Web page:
Agriculture is a wise investment for Missouri’s future

By Garrett Hawkins
    After three weeks of debate and negotiations, the Missouri legislature reauthorized targeted agricultural tax credits as part of a broad agriculture legislative package. Most of the agricultural tax credit programs expired at the end of last year. This bill renews the programs for six years, providing tax relief for Missourians and businesses investing in rural communities.


    The House first passed HB 3 by an 83-28 vote, followed by the Senate’s 26-3 approval. Governor Parson moved quickly to sign the legislation, which will go into effect on January 3, 2023. Many of these programs have been tested over the years and are proven to bring jobs and investment to rural Missouri.
    Businesses that want to start or expand operations need long-term certainty to make smart choices and investments. Farmers and other rural businesses also deserve to be treated the same as their urban and suburban neighbors.
    In the spring, Governor Parson vetoed a similar bill that only renewed the expired programs for two years. He rightly pointed out that many urban and suburban programs had received a standard six-year authorization. He said he believes farmers and rural residents deserve to be treated fairly and equally. This new six-year reauthorization provides just that.
    Some examples of the programs included in this bipartisan legislation are the New Generation Cooperative Incentive Tax Credit, Agricultural Product Utilization Tax Credit and Meat Processing Facility Investment Tax Credit. Each of these targeted programs promotes the creation or expansion of rural businesses that grow the agricultural economy and diversify our food, fiber and fuel supply chain. It creates the Specialty Agricultural Crops Act, which will help specialty farmers provide locally grown food to Missourians.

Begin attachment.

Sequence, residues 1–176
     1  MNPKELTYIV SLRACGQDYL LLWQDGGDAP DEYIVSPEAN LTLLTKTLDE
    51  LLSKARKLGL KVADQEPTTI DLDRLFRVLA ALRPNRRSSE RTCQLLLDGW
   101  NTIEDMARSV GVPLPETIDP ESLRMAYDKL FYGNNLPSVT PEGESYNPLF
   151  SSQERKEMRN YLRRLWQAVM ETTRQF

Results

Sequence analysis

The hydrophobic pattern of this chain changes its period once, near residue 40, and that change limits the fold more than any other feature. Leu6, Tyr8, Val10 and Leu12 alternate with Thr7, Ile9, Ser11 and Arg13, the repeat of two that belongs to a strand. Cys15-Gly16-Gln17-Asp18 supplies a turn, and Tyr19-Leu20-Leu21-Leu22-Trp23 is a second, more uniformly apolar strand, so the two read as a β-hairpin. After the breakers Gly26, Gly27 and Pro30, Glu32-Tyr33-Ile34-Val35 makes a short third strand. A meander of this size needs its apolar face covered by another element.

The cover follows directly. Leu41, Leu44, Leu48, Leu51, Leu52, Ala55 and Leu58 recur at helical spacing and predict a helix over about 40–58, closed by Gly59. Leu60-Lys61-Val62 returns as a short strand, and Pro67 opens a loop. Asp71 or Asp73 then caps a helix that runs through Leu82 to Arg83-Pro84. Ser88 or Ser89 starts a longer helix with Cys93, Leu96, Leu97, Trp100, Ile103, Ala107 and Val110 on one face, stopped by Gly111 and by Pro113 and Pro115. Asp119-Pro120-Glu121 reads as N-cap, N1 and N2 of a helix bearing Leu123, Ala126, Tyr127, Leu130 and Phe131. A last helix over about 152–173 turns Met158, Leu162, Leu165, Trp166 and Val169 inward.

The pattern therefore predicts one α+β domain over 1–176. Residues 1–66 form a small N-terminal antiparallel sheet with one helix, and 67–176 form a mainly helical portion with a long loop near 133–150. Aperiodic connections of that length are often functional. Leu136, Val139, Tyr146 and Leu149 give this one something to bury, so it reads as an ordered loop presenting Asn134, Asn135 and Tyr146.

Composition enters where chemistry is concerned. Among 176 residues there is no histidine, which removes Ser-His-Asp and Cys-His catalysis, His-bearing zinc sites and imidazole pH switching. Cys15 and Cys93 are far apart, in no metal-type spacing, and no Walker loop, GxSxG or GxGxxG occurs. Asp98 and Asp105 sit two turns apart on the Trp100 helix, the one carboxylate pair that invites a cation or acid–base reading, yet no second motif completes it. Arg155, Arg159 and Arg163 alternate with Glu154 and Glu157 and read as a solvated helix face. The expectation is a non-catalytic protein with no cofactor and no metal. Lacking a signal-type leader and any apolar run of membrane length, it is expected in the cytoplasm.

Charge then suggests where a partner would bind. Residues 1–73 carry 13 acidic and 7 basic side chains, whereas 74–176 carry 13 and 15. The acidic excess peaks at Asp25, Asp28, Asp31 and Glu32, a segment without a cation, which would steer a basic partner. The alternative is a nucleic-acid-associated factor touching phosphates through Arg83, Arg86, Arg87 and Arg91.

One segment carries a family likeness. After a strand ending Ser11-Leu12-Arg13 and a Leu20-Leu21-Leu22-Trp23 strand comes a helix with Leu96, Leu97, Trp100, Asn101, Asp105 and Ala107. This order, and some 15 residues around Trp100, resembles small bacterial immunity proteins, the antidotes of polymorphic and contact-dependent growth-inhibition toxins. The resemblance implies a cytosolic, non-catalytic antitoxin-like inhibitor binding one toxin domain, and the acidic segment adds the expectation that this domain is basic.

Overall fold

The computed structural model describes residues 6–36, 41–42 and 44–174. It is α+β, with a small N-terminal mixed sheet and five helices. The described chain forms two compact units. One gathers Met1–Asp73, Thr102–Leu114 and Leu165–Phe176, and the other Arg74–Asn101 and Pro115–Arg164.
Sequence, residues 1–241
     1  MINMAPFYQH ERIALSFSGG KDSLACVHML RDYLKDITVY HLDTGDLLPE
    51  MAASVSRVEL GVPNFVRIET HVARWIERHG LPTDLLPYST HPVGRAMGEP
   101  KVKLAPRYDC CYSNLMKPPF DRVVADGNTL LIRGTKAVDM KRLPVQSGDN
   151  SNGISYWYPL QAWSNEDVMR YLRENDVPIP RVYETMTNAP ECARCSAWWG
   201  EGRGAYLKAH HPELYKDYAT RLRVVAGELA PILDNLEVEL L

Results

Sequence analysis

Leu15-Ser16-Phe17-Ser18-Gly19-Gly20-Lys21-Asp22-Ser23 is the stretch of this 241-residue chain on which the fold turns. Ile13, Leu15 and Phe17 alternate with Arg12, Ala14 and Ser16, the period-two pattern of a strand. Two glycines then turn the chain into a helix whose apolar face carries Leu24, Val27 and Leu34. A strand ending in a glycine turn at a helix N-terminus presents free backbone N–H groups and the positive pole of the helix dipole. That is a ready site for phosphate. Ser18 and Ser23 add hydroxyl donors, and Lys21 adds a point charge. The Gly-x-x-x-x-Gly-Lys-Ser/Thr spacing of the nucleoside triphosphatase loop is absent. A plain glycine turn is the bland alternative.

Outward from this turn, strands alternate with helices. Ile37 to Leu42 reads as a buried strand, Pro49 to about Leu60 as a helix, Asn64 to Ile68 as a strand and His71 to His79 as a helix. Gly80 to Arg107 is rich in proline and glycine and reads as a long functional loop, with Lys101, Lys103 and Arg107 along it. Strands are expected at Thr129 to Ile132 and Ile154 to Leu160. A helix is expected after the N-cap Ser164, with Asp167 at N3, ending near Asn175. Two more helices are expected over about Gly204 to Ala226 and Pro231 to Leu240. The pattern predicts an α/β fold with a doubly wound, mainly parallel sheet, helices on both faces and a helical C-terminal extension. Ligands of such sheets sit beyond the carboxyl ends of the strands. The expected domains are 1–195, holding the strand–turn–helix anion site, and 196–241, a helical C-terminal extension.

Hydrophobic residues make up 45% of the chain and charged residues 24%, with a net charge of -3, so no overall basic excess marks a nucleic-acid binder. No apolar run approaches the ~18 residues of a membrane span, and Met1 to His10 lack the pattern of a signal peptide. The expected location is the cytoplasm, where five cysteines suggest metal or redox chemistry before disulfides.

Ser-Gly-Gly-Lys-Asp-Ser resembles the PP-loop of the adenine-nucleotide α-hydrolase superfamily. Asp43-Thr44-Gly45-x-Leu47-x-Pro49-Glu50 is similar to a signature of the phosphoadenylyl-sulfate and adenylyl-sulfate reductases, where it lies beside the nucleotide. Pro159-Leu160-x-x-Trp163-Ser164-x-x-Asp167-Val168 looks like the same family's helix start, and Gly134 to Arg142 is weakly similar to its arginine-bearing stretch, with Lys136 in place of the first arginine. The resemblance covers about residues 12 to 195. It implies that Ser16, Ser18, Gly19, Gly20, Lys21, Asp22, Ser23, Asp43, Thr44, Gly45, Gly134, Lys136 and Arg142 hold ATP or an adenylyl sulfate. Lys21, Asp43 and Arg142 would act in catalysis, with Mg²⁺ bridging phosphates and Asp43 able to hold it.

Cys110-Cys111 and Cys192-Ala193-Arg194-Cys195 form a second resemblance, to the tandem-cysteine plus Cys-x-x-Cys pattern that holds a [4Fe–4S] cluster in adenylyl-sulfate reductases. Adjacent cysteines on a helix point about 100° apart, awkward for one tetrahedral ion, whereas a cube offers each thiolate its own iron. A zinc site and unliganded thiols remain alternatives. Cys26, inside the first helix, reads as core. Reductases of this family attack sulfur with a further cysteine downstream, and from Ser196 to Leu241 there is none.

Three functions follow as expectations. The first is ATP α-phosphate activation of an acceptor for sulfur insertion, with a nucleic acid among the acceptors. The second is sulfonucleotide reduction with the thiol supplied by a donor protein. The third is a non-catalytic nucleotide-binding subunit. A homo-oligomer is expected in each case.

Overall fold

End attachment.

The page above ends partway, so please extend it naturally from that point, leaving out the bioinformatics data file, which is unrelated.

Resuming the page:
The bill extends the Missouri Wood Energy Tax Credit six years, which helps Missourians dispose of wood waste that can become an environmental hazard. The bill even has some crossover of traditional constituencies, creating an Urban Farm Tax Credit that runs through 2028.
    The bill also addressed a handful of other issues that needed attention. It makes clear that certain farm machinery and equipment used for any agricultural purpose, including UTVs, are exempt from sales tax. It also clarifies some ambiguity in the definitions of “local log truck” and “local log truck tractor” and sets fines for their load-limit violations. These seemingly minor items, if left unaddressed, can actually be incredibly frustrating for citizens to navigate. It is encouraging to see the legislature come together to take care of everyday concerns and make our state’s laws work better for its people.
    All too often, we are frustrated by the arduous legislative process standing in the way of getting common-sense laws passed. We appreciate Governor Parson and leaders in the House and Senate putting their heads down and doing what it took to pass HB 3. We often say that what is good for rural Missouri is good for the state. I appreciate our leaders in Jefferson City recognizing this and getting the job done by passing this bill.
    EDITOR’S NOTE: Garrett Hawkins is a farmer from Appleton City and serves as the President of Missouri Farm Bureau, the state's largest and most effective farm organization with a presence in every county throughout the state.